The more we explore design the more we dive into different aspects of human nature. If the roots of aesthetics are hidden in philosophy, the way we perceive things is a matter of psychology and even neurology. It takes a holistic approach before we can arrive to good design results. Part of this approach is already revealed by the study of the crafts in ancient Greece.

Art in the Byzantine Period

The Byzantine period is surely worth mentioning because it succeeded the ancient era and it lasted for more than 1000 years (306 AD to 1453 AD). During this huge time span there was a mix of the form coming from ancient years with the Orthodox culture which evolved and turned to be prevalent.

During this period Greece used to be an empire. There were ample resources to move things on when it came to art. Architecture, sculpture, painting, music and other arts were transformed little by little to something completely different. It is still a question whether this transformation was something that happened smoothly or the influence of the church imposed such structural deviations. At the same time art in the empire, as in any empire, was engulfed by the style of artists coming from different countries.

The Sun

Despite the vast amount and the value of art during the Byzantine period, there aren't many design principles derived from it. Modern art and design concepts doesn't seem to represent that period.

Modern Aproaches

Greece is definitely a country with almost no recent tradition when it comes to design and digital communication. The country lost the Renaissance because it was under the Ottoman rule for almost 4 centuries. During the 20nth century Greece also suffered from two World Wars and a painful Civil War which left deep scars and put mental progress to a halt. This bitter situation affected design too.

Mini Cooper

With this in mind, we can barely find traces of Greek exemplars in design. One of them was Alec Issigonis who was a car designer. Issigonis used to be a very intelligent man who hated the strict discipline of Mathematics, so he called them "the enemy of every creative genius". Issigonis' most prominent product was the famous Mini Cooper. Mini was introduced in 1959 and it still remains an epitome of design.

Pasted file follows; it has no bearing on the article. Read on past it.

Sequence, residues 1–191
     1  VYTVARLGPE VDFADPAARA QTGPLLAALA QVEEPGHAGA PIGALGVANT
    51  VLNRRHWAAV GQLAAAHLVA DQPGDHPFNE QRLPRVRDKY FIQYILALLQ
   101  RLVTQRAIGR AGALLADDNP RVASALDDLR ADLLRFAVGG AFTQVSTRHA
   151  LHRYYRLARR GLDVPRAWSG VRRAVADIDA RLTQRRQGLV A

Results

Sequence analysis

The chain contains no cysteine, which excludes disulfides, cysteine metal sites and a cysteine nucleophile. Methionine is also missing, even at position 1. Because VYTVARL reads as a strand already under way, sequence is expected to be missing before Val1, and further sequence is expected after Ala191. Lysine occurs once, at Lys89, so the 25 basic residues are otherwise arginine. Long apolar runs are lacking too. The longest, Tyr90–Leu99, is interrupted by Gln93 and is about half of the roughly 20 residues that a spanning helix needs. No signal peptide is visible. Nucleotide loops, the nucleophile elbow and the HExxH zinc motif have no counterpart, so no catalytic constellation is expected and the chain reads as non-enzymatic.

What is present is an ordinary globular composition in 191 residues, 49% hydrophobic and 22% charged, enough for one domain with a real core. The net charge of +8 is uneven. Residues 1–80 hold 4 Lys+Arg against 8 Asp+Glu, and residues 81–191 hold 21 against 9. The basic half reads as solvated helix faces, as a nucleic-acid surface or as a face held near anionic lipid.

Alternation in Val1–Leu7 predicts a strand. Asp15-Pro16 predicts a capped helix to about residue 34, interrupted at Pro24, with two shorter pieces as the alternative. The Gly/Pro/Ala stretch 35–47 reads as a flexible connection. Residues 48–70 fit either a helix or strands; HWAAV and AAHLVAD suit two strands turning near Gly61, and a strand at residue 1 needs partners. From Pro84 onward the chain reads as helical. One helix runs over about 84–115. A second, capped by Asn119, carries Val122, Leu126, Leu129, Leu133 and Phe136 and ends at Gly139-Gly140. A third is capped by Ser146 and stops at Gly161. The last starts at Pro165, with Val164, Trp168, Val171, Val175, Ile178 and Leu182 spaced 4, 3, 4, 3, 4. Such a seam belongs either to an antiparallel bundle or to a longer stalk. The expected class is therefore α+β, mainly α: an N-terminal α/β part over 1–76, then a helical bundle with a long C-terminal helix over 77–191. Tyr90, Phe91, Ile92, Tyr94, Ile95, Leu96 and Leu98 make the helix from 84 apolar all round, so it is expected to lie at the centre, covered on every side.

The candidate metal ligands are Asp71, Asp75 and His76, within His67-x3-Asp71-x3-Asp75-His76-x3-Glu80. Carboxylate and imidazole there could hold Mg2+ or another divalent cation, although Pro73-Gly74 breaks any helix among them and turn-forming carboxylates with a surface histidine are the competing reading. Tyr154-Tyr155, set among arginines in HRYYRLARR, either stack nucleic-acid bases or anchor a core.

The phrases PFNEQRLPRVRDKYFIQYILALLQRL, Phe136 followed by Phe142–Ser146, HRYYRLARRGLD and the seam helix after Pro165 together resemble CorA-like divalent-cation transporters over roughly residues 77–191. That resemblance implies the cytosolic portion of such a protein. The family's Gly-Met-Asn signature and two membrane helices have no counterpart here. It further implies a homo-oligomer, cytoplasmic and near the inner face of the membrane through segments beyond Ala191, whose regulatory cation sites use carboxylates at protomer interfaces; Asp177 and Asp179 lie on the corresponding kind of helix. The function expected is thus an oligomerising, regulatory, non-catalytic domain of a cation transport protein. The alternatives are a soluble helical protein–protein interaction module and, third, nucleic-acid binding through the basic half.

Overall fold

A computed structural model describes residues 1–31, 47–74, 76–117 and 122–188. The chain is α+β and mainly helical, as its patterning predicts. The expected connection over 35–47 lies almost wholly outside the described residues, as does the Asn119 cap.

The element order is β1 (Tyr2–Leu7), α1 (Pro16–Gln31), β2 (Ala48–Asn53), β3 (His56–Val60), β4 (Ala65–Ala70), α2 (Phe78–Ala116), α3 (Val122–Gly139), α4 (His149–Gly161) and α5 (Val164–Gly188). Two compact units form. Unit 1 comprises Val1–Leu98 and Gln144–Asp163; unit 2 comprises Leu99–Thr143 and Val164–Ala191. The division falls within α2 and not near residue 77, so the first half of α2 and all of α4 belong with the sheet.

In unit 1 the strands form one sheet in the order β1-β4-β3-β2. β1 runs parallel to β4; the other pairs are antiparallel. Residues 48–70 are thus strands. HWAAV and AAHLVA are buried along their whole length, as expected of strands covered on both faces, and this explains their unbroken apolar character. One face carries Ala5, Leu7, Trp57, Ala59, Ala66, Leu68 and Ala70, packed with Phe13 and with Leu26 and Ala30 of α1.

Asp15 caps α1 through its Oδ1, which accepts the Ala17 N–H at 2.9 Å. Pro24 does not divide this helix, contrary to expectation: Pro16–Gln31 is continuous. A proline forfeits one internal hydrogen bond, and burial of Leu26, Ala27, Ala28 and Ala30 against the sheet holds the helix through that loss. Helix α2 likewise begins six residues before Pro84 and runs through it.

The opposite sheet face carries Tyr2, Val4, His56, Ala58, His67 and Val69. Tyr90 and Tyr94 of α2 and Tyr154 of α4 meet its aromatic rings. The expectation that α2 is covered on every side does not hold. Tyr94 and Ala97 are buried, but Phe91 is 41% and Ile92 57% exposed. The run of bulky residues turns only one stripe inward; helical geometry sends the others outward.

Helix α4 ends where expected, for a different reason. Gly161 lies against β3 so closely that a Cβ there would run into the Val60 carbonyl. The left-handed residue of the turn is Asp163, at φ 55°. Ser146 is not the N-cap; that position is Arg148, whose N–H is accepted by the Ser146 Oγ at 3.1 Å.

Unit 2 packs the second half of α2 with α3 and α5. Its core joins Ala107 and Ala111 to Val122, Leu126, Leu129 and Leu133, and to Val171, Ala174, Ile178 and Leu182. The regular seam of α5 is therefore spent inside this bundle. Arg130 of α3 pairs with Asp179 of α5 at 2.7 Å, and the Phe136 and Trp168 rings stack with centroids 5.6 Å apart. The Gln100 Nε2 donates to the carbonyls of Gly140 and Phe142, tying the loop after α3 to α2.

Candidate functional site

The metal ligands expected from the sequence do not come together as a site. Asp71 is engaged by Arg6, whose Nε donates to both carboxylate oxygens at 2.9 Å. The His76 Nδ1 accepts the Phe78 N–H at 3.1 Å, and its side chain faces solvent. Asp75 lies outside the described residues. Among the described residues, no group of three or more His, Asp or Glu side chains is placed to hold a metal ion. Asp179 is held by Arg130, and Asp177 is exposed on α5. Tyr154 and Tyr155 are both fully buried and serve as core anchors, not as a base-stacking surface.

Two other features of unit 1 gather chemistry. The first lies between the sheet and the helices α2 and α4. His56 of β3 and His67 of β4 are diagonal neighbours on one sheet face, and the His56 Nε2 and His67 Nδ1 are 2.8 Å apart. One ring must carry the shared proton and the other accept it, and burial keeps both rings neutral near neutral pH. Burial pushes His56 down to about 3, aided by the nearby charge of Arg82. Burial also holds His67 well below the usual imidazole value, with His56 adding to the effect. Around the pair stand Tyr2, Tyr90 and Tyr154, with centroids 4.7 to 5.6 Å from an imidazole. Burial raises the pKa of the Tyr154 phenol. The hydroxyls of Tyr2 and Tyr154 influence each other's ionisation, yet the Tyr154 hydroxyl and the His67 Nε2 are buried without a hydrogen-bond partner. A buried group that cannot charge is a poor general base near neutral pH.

GFS Olga

The art and science of typography is also an area where Greece has some tradition. Moreover, the word "typography" derives from the Greek words "τυπος" (= typos, meaning form) and "γραφη" (= graphy, meaning writing). However, printing comes to Greece relatively late. Only in the late '80s we produce the first digital font families, like the one you see above, GFS Olga. If you're interested in embedding Greek fonts in your website, you can do that via Fontdeck which provides some excellent families.


When it comes to modern design and digital communication, Greek designers started by imitating and adopting trends. By time we developed our own language and style without fearing to embrace elements of our tradition. The image above is an example of lovely packaging design of the tomato sauce Kyknos. The new approach is based on the traditional packaging of the sauce. It is handcrafted by Red Design Consultants.

Eurobasket ball